Buying low and selling high in this market only works if you know the true value of your acquisition.
I am not the only one who believes this, which may be why we see record amounts of capital gathering on the sidelines, waiting for the right investment opportunity. So the question is, what should you buy?
In working with our clients to help evaluate acquisitions, here is what we’ve discovered: A typical acquisition in the shale consists of a scattering of wells and leases across a broad area. Pooling agreements usually determine the working interest (expense) and net revenue interest (income) on each well based on tract acreage contribution to the “production unit.” This means that one acre in this unit has a separate and distinct value that is different than one acre in another unit, in the same area, and even on the same lease. The value of each acre is dependent on where it is located, what depths/horizons are part of that acre, how much is developed, and how much undeveloped is remaining. When buying acreage, you need to know how many more wells can be drilled within that unit as per the pooling agreement, as it is now common to see multiple wells drilled within any unit.
Recently we came a across a situation in which the oil and gas lease contained two adjacent tracts of land on the same lease; each tract was in its own separate producing unit for the Haynesville shale formation. One of the units had six producing wells (fully developed) and the other tract had one producing well (five potential additional locations), all drilled during higher gas price years and within two years of each other. Production and depletion for all of the wells were similar, so the depletion type curve, estimated ultimate recoveries for each well, cash flows and remaining present values would all be the same. One might assume that based on today’s commodity price and the fact that no new wells can be economically drilled, that the value of each tract is based solely on the value of its current production. This assumption would be a mistake.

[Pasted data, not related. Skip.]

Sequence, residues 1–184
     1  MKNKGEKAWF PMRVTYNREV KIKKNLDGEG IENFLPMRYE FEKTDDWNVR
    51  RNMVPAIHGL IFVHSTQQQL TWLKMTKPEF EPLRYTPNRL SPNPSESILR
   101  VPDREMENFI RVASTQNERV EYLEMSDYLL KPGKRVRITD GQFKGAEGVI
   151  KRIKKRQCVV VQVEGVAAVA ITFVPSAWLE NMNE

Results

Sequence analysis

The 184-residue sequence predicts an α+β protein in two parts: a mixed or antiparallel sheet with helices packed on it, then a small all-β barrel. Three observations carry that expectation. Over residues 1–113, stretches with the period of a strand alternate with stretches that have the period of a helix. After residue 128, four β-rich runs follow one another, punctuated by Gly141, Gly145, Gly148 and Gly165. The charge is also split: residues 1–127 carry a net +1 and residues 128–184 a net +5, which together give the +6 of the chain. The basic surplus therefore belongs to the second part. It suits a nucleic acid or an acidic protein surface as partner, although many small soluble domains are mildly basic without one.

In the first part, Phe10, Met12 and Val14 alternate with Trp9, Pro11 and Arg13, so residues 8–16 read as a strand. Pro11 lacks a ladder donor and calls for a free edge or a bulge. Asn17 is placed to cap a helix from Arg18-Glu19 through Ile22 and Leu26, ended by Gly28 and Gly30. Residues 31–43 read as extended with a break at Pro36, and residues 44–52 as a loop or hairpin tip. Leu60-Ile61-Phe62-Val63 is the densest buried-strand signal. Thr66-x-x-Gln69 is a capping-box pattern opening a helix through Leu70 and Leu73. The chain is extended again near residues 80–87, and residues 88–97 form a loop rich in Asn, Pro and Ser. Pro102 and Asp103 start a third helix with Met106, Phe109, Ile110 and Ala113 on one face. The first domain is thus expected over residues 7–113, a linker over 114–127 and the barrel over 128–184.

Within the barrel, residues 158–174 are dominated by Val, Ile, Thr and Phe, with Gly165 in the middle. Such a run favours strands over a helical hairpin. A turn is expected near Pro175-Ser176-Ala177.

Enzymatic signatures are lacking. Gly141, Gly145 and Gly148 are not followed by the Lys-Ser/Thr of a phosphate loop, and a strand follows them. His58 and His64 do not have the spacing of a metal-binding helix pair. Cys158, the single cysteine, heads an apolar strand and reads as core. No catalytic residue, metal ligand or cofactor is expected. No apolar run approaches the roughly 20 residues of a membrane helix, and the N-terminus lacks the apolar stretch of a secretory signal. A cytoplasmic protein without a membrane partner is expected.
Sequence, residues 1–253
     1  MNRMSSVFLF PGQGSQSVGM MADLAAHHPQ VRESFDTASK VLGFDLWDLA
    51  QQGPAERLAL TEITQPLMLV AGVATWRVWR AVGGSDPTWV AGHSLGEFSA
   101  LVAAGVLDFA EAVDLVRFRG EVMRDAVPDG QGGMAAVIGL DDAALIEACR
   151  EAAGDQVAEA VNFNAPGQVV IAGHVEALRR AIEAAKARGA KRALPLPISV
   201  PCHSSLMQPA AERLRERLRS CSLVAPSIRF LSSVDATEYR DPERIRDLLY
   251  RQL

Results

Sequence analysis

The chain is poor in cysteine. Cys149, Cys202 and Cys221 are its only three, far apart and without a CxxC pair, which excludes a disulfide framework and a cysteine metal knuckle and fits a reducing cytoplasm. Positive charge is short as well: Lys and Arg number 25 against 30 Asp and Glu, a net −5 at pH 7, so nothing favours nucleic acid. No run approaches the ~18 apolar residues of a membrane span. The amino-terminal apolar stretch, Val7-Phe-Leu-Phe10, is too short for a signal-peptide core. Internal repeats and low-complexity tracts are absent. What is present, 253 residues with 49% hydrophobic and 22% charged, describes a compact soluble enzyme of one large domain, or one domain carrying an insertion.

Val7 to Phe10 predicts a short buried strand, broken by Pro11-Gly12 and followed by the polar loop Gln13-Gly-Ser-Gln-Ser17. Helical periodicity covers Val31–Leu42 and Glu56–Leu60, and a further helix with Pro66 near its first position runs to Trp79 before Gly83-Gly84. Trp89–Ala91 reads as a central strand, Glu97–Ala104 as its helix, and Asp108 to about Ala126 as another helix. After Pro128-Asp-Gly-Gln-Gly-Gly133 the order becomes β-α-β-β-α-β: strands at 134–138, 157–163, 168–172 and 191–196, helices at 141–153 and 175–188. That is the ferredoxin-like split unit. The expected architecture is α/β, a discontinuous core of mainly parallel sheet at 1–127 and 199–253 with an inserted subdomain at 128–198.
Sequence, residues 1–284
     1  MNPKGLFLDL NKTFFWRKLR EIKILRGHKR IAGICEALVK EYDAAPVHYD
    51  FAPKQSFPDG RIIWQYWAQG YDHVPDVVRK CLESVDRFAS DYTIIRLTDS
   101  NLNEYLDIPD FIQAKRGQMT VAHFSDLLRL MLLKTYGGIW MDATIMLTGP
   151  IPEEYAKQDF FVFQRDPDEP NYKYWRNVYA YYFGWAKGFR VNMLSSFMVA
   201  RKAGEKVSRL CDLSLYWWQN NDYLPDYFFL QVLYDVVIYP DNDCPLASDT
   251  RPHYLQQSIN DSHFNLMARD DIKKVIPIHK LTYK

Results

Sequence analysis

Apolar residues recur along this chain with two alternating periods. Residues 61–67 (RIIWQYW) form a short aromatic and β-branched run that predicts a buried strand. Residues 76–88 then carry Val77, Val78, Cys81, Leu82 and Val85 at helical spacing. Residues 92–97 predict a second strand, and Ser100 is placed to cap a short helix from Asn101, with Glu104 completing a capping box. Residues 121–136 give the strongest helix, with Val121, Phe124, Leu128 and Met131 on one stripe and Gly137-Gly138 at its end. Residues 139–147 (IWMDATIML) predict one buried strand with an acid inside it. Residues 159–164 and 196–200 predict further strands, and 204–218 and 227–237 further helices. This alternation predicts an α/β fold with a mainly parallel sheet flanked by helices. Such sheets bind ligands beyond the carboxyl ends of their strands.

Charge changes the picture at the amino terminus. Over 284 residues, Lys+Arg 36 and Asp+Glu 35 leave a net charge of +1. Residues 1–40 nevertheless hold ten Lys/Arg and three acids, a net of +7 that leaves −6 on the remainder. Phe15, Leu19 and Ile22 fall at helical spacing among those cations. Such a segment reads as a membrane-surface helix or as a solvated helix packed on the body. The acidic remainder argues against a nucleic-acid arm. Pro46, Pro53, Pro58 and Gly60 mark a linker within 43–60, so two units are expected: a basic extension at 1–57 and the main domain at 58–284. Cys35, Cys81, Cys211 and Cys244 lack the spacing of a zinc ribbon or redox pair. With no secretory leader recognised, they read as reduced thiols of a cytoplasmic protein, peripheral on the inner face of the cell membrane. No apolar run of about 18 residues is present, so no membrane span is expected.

The unit with six wells is “fully developed,” meaning the reservoir has been fully developed and no more wells will be drilled in that unit, regardless of future commodity price. However, the tract in the unit with only one well drilled and producing can offer five new locations, when prices recover. So the value of the “underdeveloped” acreage has a greater income potential than the fully developed acreage. Think of the undeveloped acreage as an open-ended call option — meaning that at some time in the future, as long as the lease/tract is held by production, the owner of that lease has the right, but not the obligation, to drill additional wells. So if and when commodity prices rise, the “undeveloped” tract becomes more and more valuable.
Also, it’s important to be aware of which leases have depth/horizon severance issues as well as horizontal and/or vertical pugh clause issues. With this awareness, you can determine what you can keep and what you will lose, as well as how much to budget for future payments and when to pay them.
The key to doing intelligent and effective due diligence and evaluation of an acquisition is to look at and value each tract of land, considering its present estimated ultimate recovery and future EUR potential. As prices rise, the tracts with the least amount of developed producing wells will have a greater increase in value than those tracts that are more fully developed.
With today’s database and GIS technology, this process can be simple, fast and well worth the investment. Otherwise, I honestly do not know how anyone can truly be knowledgeable and competitive in acquisitions in today’s environment.
Tim Supple is the president of the online software tool iLandMan, which has offices in Lafayette, Houston and Oklahoma City. Supple and has been in the oil and gas industry for nearly 40 years working as a landman, broker and exploration and production operator, before entering the land software business in 2005.